(pre race) photo shows Bob Gebbie, John J. (Rocky) McManus, Mike Ellis, and Don Debienne.
CLASS OF ’76 TRIATHLON CHAMPIONSHIPS
PENTICTON, BC, JULY 19TH, 2009
This was one of those classic events to sort out just who had bragging rights as the fittest man of the RMC Class of ’76. There were three contenders for that crown way out west in British Columbia, and they, at least, felt it most unlikely that anyone east of the Rockies or south of the 49th parallel could challenge them, so they would fight it out amongst themselves.
First there was John J. (Rocky) McManus, 10973, naval aviator, skilled in navigating helicopters, recently retired from the Regular Forces, but joined the Reserve Forces to assist in the provision of air security for the 2010 Winter Olympics. A formidable swimmer as a cadet, McManus has kept up his swimming at a very high level, competing regularly over the years in Masters swimming competitions as his postings would allow. Recently, Rocky has also been doing serious training on the bike and the run. Mentored by his 78 year old running companion, he has done well in running races in the Victoria area, and has simultaneously built up both speed and endurance on a fancy and expensive bicycle he acquired from former world Ironman triathlon champion Peter Reid.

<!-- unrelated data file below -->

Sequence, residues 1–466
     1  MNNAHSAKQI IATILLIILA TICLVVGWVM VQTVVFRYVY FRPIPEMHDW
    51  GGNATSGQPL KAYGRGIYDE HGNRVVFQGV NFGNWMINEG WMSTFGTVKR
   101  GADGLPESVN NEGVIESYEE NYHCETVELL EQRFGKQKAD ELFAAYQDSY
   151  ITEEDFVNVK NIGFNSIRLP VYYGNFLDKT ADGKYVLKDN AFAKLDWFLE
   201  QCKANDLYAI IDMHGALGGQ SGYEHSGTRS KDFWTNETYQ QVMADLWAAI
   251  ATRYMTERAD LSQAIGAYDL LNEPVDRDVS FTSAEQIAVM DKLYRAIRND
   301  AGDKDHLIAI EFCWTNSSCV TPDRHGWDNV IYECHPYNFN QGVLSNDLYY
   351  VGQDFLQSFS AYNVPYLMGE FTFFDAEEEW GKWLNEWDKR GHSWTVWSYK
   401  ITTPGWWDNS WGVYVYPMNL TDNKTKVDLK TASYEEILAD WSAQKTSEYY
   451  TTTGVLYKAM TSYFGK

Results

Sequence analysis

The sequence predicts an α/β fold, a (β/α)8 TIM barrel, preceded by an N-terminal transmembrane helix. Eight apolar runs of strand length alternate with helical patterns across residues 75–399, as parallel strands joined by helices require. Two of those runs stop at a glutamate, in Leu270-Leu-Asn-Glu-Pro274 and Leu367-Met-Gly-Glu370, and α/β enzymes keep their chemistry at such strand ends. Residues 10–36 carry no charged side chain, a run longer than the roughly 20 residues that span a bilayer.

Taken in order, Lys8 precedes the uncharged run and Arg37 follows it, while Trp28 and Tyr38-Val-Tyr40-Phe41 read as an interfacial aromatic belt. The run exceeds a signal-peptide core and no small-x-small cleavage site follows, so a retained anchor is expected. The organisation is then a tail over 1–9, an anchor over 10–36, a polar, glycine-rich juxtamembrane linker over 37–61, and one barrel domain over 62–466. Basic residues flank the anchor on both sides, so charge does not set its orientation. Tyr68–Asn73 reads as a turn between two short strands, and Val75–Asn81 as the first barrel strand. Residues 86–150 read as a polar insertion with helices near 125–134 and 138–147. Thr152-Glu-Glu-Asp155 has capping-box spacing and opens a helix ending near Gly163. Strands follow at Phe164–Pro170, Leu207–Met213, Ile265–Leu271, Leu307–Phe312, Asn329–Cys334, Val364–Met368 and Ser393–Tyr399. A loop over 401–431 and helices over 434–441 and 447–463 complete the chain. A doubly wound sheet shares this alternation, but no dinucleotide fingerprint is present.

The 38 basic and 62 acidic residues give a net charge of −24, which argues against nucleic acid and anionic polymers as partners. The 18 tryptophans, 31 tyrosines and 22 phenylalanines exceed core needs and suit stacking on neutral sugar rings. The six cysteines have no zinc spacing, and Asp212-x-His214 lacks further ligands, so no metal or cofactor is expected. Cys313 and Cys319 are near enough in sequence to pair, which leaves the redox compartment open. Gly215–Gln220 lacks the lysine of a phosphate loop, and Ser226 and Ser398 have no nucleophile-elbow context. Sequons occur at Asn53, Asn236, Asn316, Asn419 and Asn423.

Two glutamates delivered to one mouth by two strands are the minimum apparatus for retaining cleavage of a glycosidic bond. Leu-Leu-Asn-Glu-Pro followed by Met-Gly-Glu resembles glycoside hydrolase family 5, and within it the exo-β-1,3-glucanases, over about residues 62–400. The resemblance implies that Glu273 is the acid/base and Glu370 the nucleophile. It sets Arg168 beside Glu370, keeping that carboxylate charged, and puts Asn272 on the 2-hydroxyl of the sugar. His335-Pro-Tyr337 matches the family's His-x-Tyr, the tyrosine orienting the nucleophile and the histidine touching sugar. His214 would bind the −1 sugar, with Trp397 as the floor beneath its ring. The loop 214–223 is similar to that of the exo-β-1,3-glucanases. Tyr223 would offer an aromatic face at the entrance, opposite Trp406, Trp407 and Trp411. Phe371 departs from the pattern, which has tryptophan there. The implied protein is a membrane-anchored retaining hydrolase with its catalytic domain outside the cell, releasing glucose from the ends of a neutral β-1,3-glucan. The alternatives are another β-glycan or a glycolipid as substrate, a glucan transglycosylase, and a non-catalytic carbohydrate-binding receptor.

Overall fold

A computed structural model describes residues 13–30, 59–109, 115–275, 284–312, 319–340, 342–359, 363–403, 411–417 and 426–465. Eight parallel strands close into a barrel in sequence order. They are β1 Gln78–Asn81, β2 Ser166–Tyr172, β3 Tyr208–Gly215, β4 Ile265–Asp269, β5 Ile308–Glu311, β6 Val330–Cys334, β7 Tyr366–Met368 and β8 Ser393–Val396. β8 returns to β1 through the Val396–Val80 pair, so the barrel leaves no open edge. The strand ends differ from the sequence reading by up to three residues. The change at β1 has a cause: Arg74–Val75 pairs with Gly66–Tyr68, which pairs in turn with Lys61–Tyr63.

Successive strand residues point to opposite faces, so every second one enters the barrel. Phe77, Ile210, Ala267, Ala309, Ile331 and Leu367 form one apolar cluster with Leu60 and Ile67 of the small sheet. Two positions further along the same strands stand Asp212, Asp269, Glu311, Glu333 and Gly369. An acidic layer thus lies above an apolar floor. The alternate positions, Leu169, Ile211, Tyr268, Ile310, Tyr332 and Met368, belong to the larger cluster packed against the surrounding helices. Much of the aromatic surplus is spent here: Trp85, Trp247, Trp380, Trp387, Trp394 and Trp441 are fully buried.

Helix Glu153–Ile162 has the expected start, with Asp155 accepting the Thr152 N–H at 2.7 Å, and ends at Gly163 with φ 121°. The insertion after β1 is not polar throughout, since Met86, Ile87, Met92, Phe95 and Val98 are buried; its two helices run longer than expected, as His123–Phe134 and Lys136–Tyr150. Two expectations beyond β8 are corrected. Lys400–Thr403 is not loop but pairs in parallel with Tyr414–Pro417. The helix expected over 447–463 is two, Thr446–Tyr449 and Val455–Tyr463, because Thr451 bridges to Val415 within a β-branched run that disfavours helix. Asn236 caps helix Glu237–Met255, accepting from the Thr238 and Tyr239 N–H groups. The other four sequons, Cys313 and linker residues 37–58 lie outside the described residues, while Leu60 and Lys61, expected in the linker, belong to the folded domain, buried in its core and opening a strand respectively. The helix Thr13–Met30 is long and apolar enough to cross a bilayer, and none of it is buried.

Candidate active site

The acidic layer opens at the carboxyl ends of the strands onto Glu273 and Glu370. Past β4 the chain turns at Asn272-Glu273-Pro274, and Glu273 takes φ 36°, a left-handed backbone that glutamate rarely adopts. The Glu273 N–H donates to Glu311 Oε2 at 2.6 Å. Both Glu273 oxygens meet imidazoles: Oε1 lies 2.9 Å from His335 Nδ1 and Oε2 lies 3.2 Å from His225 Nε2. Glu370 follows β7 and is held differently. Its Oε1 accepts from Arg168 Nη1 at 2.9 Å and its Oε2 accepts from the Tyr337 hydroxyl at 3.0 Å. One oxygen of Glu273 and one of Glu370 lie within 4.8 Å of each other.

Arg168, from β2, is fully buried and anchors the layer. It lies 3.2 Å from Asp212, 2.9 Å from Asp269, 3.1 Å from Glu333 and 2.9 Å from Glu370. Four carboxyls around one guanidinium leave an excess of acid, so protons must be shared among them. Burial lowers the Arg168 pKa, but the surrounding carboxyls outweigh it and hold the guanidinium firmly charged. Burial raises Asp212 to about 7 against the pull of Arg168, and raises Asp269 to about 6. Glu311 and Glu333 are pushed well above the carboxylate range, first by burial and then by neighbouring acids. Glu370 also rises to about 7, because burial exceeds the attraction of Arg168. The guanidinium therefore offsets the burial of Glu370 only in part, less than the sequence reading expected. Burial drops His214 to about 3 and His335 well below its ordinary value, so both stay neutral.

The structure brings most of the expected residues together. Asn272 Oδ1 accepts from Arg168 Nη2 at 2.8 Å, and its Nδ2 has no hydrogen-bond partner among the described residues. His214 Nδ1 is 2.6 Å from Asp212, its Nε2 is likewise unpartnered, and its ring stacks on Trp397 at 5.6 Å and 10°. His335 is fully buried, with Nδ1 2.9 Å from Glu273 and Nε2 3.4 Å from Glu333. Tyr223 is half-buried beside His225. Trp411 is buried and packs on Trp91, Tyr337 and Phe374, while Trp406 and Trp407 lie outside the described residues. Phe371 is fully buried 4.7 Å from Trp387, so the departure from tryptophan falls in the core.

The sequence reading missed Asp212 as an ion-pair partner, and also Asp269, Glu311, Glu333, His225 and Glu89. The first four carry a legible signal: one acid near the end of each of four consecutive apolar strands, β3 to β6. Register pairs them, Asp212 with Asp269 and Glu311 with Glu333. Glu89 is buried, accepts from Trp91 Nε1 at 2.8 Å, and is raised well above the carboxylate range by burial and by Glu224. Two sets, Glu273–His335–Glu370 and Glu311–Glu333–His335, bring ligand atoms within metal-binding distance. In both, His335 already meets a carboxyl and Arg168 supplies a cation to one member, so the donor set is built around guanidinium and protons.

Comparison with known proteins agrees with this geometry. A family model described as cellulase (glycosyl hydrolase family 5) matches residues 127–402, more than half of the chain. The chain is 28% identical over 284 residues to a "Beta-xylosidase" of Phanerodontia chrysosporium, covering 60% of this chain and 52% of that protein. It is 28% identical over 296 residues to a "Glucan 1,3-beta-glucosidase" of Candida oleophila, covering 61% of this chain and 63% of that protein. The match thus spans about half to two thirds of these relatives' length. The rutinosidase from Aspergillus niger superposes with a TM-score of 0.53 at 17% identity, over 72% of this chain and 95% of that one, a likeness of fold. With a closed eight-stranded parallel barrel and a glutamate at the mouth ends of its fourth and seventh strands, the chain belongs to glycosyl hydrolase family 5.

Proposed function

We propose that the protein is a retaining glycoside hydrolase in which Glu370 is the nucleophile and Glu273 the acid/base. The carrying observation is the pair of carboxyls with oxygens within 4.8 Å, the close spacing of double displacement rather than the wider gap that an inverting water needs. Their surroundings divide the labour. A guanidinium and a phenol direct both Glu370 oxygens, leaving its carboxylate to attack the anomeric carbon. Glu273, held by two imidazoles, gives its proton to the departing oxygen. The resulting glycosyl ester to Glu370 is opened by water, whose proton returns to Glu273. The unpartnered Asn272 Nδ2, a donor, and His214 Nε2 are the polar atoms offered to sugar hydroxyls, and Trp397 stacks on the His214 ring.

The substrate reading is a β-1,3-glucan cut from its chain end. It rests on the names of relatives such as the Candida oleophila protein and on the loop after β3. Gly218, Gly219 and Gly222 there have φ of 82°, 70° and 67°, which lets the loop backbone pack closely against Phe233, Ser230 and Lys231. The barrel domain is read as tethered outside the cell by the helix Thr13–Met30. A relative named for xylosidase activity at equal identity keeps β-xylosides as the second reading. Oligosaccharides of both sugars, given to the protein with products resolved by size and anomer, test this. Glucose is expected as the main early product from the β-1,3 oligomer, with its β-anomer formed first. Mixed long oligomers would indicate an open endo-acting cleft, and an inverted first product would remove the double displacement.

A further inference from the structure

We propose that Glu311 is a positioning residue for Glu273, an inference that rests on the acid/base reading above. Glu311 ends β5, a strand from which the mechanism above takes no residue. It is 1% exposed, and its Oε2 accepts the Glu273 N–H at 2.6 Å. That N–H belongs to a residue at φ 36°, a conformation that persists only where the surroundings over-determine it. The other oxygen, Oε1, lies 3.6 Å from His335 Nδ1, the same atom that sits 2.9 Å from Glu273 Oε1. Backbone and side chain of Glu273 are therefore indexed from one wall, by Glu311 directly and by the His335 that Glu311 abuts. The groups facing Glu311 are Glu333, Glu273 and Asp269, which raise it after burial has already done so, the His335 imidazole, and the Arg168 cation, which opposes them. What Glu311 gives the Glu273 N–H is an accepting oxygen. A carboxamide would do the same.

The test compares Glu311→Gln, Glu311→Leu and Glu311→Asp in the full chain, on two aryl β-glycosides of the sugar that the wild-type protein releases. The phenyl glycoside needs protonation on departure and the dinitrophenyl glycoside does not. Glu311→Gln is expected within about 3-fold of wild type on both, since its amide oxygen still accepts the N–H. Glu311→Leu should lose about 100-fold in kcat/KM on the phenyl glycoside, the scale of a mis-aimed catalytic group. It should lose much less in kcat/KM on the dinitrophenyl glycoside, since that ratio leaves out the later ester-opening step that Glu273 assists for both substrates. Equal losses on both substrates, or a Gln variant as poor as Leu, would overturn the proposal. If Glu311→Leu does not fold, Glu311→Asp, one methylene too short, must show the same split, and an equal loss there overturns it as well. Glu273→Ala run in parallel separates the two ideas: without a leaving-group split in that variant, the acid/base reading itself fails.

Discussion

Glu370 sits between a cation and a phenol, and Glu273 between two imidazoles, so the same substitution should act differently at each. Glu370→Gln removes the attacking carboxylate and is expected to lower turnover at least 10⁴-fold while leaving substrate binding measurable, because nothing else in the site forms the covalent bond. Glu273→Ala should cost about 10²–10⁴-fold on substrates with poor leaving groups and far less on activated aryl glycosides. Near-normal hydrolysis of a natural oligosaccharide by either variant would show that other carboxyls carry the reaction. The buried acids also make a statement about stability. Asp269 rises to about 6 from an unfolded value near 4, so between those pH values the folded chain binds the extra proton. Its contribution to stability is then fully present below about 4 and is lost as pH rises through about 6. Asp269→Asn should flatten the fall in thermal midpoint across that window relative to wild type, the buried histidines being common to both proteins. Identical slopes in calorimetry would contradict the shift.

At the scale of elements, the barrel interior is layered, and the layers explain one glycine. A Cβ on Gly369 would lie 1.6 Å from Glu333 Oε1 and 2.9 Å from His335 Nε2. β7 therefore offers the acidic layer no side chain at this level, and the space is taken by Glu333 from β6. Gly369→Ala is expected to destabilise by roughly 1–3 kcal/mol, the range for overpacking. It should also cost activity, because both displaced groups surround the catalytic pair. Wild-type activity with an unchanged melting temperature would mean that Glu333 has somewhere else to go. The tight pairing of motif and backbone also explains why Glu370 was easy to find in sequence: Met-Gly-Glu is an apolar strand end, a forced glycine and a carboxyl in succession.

Don Debienne, 11061, is an experienced cyclist, who has been in the electrical utility game since 1980, and supplying electricity to the southern part of BC for many years when he is not skiing the back country or backpacking on the trails. As VP of Power Supply and Strategic Planning for FORTIS BC he has taken special care of the wineries of the Okanagan Valley and the Columbia Brewing Company in Creston which brews Kokanee beer. In the last few years, motivated by trying to keep up with his new partner, Laurelee, who is an expert triathlete and holds the record for the women’s 50-54 age group at Ironman Canada, Don has taken up running and swimming seriously. Don is on the cusp of retirement, happy and healthy, and enjoying life to the max in Kelowna, BC.
Bob Gebbie, 11075, served 25 years in the navy after graduating from RRMC/RMC in 1976 and then settled in Victoria where he joined the BC Provincial Government where he is currently a Director of Information Protection. Bob and his wife Carolyn caught the triathlon bug big time about 10 years ago and they have travelled the world doing Ironman and Olympic distance triathlons, including age group world championships. They will be competing in Australia this September. While Bob, whose strength in the triathlon is his running ability, coaches the triathlon club at the Victoria YM/YWCA, Carolyn is a nationally certified triathlon coach and runs a coaching business (carolyngebbie.com).
The venue for the competition between these three, the swimmer, the cyclist, and the runner, was the BC Provincial Triathlon championships held at Penticton BC on July 19th. All three were competing in the Men’s 55-59 age group in which there were 18 competitors.